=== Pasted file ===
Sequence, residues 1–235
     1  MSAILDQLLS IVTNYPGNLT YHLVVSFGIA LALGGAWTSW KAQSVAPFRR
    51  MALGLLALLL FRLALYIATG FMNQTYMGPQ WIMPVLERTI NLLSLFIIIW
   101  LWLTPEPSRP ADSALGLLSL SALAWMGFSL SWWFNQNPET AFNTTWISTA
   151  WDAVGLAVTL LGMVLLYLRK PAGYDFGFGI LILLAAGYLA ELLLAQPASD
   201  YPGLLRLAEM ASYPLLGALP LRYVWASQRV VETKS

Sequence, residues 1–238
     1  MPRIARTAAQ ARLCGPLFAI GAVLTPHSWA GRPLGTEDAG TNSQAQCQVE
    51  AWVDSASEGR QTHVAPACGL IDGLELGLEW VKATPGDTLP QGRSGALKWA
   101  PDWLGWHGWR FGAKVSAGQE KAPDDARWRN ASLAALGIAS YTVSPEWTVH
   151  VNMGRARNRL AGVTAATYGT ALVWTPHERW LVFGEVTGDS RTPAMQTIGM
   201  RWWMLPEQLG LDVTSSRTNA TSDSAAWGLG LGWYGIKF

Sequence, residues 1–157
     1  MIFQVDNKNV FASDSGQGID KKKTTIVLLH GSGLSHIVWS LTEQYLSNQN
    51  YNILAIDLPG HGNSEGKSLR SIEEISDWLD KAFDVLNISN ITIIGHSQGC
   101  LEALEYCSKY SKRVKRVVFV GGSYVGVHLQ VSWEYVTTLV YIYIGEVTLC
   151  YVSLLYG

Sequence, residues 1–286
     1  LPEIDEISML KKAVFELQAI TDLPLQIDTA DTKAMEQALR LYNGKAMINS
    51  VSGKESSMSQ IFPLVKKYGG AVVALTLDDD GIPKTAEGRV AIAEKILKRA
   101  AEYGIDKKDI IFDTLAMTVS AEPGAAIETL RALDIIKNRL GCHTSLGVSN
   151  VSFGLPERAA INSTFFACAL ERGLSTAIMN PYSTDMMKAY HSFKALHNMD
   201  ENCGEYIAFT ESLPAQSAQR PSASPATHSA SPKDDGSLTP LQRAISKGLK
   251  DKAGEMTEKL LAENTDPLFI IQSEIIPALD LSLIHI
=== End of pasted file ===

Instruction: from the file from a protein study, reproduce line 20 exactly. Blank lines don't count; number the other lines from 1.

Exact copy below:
    51  VSGKESSMSQ IFPLVKKYGG AVVALTLDDD GIPKTAEGRV AIAEKILKRA